TaxDome’s organizers help tax professionals gather client documents and data faster.

4. Ensure proactive collaboration

For partnerships, tax compliance is often a team effort. To make collaboration smoother, set up clear lines of communication between anyone involved in the tax preparation process. Ensure that everyone understands timelines, deadlines, and responsibilities.  

5. Conduct regular compliance reviews

Tax laws can change from year to year, so it’s important to stay up to date with the latest IRS updates. Conduct regular compliance reviews to identify any potential issues — and address areas of concern as soon as they arise.

Steps to take if you miss the deadline

Say you do miss the deadline for filing Form 1065 — what do you do then? In this section, we’ll explain the steps you need to take.

1. File as soon as possible

If you’ve missed the deadline you should aim to file your Form 1065 as soon as possible. Fines tend to be calculated on a monthly basis — the later the filing, the higher the penalty.

2. Apply for an extension

If you need more time, you can apply for an extension (usually six months) by filing Form 7004. You’ll need to complete this form before the deadline for filing Form 1065 — so for calendar-year partnerships, by March 15. 

It’s important to note, however, that filing for an extension doesn’t extend the deadline for paying taxes. To avoid penalties, you’ll need to estimate and pay any taxes due by the original filing deadline.

3. Respond to correspondence promptly

Make sure you respond promptly to any correspondence with the IRS about late filing. Ignoring or delaying communications only makes the situation worse, potentially leading to further fines or even enforcement actions. 

4. Prevent future mishaps

Finally, it’s important to learn from the factors that caused you to miss the filing deadline — and put steps in place to ensure that they don’t happen again. You could set up a system with automatic reminders to give you ample time to prepare and file future forms. You might even want to look into delegating these responsibilities to a professional accounting firm.

Penalty abatement for Form 1065

If you missed the filing deadline due to a valid reason that you had no control over — or what the IRS refers to as a “reasonable cause” — you can request abatement of the penalty. In other words, you can ask the IRS to reconsider their decision. In this section, we’ll explain what this process entails. 

Eligibility

To be eligible for penalty abatement, you must be able to prove that you missed the deadline due to events beyond your control, rather than as a result of negligence or oversight. Valid reasons include natural disasters, medical emergencies, financial hardship, or any other unexpected event that prevented you from filing on time.

In addition, the IRS may take into account your compliance history when deciding whether to grant penalty abatement or not. Partnerships with a history of late filing will be in a weaker position than those who have missed the deadline for the first time.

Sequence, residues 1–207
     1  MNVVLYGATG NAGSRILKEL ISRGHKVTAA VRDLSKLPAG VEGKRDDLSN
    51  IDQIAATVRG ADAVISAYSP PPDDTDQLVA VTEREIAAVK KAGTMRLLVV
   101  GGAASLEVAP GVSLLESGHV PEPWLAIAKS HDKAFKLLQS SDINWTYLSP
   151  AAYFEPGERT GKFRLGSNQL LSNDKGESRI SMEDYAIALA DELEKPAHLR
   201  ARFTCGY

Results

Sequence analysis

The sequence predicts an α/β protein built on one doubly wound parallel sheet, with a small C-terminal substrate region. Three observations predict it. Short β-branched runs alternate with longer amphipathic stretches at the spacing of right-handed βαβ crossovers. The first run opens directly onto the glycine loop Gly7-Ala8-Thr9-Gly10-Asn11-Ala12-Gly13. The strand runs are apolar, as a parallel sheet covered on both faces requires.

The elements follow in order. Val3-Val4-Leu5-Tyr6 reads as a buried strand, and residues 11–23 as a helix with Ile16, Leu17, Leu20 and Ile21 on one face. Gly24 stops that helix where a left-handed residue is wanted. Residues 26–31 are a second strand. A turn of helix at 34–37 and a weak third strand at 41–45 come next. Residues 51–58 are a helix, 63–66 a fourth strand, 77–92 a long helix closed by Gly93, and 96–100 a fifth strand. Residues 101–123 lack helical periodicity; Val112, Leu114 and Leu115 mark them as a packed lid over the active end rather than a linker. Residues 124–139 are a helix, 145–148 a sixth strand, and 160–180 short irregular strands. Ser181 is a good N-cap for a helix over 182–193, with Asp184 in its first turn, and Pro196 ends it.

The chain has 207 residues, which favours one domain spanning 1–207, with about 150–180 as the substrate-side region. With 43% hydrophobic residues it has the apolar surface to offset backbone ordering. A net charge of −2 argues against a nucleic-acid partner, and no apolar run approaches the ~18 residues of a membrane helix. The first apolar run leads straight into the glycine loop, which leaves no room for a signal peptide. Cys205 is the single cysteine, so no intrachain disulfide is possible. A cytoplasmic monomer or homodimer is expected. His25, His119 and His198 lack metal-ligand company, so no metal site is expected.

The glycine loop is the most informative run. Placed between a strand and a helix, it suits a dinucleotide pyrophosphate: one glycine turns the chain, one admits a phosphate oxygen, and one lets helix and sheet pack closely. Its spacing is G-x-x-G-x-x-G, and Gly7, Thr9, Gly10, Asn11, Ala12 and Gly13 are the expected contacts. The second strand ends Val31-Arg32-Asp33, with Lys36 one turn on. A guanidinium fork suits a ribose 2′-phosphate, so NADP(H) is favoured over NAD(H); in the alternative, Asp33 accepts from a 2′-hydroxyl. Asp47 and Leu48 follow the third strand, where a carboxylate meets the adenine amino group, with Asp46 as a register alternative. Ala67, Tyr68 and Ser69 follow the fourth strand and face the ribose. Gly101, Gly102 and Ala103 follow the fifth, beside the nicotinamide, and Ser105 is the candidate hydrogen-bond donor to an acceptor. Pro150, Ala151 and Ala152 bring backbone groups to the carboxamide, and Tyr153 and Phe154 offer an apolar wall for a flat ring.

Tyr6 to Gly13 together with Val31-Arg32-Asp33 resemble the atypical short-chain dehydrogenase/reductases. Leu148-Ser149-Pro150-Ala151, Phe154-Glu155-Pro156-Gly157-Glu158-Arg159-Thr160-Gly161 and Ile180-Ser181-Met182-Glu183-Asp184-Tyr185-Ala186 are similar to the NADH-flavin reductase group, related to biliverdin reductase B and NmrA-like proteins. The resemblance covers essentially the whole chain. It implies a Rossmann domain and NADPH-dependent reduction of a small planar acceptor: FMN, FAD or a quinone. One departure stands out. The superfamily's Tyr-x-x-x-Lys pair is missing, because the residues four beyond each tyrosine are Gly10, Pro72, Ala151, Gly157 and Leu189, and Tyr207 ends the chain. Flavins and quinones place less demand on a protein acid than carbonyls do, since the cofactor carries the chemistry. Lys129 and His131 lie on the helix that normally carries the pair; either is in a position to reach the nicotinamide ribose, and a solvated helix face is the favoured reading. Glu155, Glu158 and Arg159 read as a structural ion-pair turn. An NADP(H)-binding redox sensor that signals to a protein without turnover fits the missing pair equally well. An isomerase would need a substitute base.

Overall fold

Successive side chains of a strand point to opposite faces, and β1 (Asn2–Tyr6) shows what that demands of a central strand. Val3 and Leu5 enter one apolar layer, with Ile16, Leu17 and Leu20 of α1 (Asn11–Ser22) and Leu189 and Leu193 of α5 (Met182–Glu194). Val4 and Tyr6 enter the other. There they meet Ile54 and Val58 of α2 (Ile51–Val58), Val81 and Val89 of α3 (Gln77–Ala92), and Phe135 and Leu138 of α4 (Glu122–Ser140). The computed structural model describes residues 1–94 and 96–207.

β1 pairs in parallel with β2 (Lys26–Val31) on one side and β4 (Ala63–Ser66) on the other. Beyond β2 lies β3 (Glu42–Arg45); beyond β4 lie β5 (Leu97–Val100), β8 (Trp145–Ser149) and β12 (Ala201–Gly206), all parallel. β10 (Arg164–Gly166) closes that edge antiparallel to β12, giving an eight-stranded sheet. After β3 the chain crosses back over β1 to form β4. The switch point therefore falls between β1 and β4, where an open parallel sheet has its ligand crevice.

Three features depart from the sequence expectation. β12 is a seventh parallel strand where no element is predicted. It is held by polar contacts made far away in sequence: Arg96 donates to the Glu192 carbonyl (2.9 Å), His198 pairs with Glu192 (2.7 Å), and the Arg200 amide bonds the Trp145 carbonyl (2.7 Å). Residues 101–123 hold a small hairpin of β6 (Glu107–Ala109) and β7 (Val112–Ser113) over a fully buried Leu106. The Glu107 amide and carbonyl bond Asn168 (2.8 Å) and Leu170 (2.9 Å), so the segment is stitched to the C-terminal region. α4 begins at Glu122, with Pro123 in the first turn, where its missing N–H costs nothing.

Necessary documentation

Form 843 is the official IRS form for requesting penalty abatement. You’ll also need to gather any supporting documentation to back up your request, such as: 

  • Medical records
  • Insurance claims
  • Disaster declarations 
  • Financial statements
  • Correspondence with the IRS

The request process

To request a penalty abatement, you have two options. First, you can fill in Form 843 (see the official IRS instructions here). Second, you can write a penalty abatement letter to the IRS, detailing the reasons why you weren’t able to file Form 1065 on time and providing all supporting documentation.

If you choose to write a penalty abatement request letter, you must ensure that it contains all the critical information found on Form 843, including: 

  • A clear statement detailing the reason you weren’t able to file Form 1065 on time
  • Key information such as name, address, TIN, etc.
  • All supporting documentation

When dealing with the IRS, it’s important to be as honest, transparent, and clear in your communication as possible. Take the time to prepare your letter or Form 843, focusing on providing all the necessary information to make your case. It’s also a good idea to keep copies of all forms, letters, supporting documentation, and correspondence with the IRS for future reference.

Conclusion

Filing Form 1065 before the deadline is crucial for partnerships to remain compliant with IRS regulations — and avoid potential penalties and repercussions. 

In this article, we’ve highlighted the common reasons why partnerships fail to meet the filing deadline and some strategies for ensuring that doesn’t happen to you. We’ve also covered the process of requesting penalty abatement for situations where late filing was out of your control.  

We hope you found this article useful. By following the information and steps outlined here, you can ensure compliance and avoid the fines and stress that come with late filing. 

Nicholas Edwards

As a content writer for TaxDome, Nicholas helps communicate how technology can transform and enhance everyday accounting processes. He enjoys simplifying complex ideas and writing content that’s accessible and useful.